Derek Slade - conviction results in numerous compensation claims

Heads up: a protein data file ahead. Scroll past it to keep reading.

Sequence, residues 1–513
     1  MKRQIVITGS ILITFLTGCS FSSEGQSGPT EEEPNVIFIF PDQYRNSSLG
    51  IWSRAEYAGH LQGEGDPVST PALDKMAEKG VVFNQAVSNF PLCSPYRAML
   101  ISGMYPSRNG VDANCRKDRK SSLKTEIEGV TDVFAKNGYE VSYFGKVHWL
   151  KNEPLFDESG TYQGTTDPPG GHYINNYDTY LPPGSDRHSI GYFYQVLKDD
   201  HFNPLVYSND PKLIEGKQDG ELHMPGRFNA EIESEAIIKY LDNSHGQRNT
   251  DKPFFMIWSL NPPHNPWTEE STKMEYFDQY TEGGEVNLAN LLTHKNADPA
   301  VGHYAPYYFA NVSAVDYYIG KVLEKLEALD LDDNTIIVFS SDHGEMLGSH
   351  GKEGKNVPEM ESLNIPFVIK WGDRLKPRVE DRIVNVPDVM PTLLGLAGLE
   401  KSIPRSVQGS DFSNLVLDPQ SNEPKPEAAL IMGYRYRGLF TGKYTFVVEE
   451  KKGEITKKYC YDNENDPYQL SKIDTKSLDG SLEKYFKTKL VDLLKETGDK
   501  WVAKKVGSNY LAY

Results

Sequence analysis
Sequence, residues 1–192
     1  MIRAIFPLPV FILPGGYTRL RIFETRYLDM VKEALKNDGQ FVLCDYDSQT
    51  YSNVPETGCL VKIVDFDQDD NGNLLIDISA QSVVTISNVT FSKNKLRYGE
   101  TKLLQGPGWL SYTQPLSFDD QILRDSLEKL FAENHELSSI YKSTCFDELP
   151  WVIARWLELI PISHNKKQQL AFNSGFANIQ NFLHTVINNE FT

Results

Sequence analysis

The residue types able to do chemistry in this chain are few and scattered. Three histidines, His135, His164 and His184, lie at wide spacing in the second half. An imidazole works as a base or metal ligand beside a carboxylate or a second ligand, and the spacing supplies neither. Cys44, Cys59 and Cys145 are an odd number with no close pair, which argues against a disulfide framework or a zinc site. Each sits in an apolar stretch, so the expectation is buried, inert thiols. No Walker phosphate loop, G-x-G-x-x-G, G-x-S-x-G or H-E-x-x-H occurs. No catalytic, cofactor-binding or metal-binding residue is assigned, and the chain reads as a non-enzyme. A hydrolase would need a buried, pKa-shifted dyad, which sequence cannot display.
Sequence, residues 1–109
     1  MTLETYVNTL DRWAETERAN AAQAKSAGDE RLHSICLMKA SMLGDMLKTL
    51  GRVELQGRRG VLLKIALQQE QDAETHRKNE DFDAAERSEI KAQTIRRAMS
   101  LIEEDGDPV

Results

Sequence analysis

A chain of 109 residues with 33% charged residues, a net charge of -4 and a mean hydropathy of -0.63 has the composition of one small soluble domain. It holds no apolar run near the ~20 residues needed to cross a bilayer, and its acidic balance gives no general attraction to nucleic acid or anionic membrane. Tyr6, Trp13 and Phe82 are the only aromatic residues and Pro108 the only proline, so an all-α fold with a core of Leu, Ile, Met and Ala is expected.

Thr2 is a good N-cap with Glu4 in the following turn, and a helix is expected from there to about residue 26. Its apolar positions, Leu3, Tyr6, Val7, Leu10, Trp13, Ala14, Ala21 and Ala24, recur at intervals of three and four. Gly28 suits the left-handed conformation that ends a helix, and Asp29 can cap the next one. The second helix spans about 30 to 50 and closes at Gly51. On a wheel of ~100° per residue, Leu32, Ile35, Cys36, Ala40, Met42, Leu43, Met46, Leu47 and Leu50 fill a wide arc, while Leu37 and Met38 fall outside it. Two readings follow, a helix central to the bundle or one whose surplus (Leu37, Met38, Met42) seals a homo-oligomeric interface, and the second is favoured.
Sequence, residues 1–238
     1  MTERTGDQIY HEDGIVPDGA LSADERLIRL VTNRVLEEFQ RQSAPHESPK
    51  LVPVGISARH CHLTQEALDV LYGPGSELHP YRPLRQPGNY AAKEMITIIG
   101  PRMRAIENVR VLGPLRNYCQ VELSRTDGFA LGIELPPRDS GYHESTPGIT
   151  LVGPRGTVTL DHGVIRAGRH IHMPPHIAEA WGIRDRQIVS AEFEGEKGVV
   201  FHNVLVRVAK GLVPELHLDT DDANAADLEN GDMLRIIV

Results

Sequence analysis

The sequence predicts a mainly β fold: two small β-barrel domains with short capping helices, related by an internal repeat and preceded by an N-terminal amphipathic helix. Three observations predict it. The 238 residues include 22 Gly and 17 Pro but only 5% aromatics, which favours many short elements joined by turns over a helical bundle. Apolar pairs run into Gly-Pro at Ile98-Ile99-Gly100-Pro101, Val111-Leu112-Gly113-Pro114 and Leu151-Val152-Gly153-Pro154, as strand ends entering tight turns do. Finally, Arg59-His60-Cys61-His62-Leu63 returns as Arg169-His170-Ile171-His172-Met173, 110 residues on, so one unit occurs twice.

We currently act for a number of former pupils who attended Duncan Hall School and St George’s School in the 1970’s and 1980’s. There are allegations made by former pupils of all schools of both physical and sexual abuse administered by Derek Slade and other members of staff. Slade was convicted at Ipswich Crown Court in 2010 of physically and sexually abusing pupils, and sentenced to twenty-one years’ imprisonment. Slade was Oxford educated and held no teaching qualifications, some believe that he was a very clever and manipulative man. We currently have information on the following schools and would be interested in speaking to former pupils: Dragon School We have very little information on Dragon School. This is where Slade first started his teaching career in 1974 and it is alleged he left due to there being an unacceptance of the use of the cane whilst he tought latin. Duncan Hall School  Derek Slade began teaching at Duncan Hall School in 1974/75. This is where he first began to sexually and physically abuse boys. It would appear that he perfected his ‘art’ of doing so and this allowed him to continue to abuse boys further in to his career. At Duncan Hall school it is alleged Slade held ‘officials’, which were fights organised between two boys and observed by others. Slade would be the referee and would advocate the violence. Prefects were encouraged to bully the younger children. They would have to provide Slade with a name at the end of every day to be given a “whack”. Slade would administer corporal punishment with the slipper, the cane or a Jokari bat. At times the boy to be beaten would have to choose the implement that he wished to be beaten with. Slade left in 1977 to set up and run his own private boarding school.  St George’s School Slade was Head Master of St George’s School in both its Wicklewood and Gt Finborough guise. It was set up using a company, Anglemoss, in 1977/1978 and was a military boarding school. Slade was a director along with four other directors. Initially the school had 20 pupils in 1977/78, but this grew to an average of 350 pupils by 1983. The school was primarily based for the children of those in the armed forces.  The victims of Slade were as young as 8. He used them for 'sexual exploitation' and he made boys take off their underpants before beating them with the cane, slipper or Jokari bat. hese beatings would leave heavy bruising and would at times draw blood. It is alleged that he would cuddle the victims and then rub their bare buttocks and genitals for sexual gratification, all on the pretence of comforting them. Slade had what was known as a ‘reign of terror’. It was the product of his belief in strong corporal punishment. He kept a handwritten journal recording all the beatings he had unleashed (this handbook features in an IN news broadcast in 1982). His records were all noted in ancient greek and dictated the boy’s name and when and how the boy was beaten. here was a “stars and stripes” disciplinary system in place at St George’s where pupils got stars for good behaviour and stripes for breaking rules. Boys receiving six or more stripes in a week would be called to Slades office for beatings, depending on their age, and severity of their perceived misdemeanours. He would on occassion audio record these beatings and would write explicit stories based upon the sexual abuse. He would also make the boys write essays on the ‘whackings I have had’. He organised ‘midnight feasts’, dinner parties at his house in the school grounds for Slade’s male friends, where the boys were sexually abused. He would select five boys as ‘waiters’ and would dress them in their school uniforms to attend dinners in his house which was located directly next to the School. After dinner each male would select a boy from that evening and take them to a room where they would be sexually abused. Dalesdown Preparatory School through whistle-blowing Slade was investigated in 1983, and as a result of these investigations he resigned from St. George’s and moved to Dalesdown Preparatory School in Sussex. In 1986, Slade was convicted of savagely beating boys at Dalesdown Preparatory School. He was jailed for three months at hichester rown ourt. He appealed and his sentence was reduced to a conditional discharge. hroughout his employment here it would seem that he continued to abuse boys in the way that he had done in his last two schools. International British Educational Projects  In the course of investigations we know that this after Slade left alesdown he did not end his teaching career. Slade escaped justice for years using an alias of a deceased child – Edward Marsh – a name taken from a child who died aged 8 in 1955. He worked using this name on International British Educational Projects in India and Africa. Trial and onviction Former pupils came forward some 2 years ago about the abuse they suffered at the hands of Slade through the popular social networking website, Facebook. This led to a police investigation and his primary downfall were the extensive records of the beatings that he held in his possession, which corroborated the allegations being made. Before his six-week trial, Slade offered to plead guilty to the indecency, assault and child pornography charges. At his trial, Slade admitted 15 offences of indecent assault and five of actual bodily harm, and denied but was found guilty of six additional offences of assault, four indecent assaults and three serious sexual assaults. They were sample offences, many more are suspected, but all in relation to his time at St George’s School. Slade also pleaded guilty to 16 charges of making indecent images of children, possession of almost 4,500 indecent images of children and being in possession of a false passport. Slade was convicted in September 2010 and imprisoned for 21 years for the offences outlined above. To discuss this blog please contact Charles Derham or on O23 9249 2472.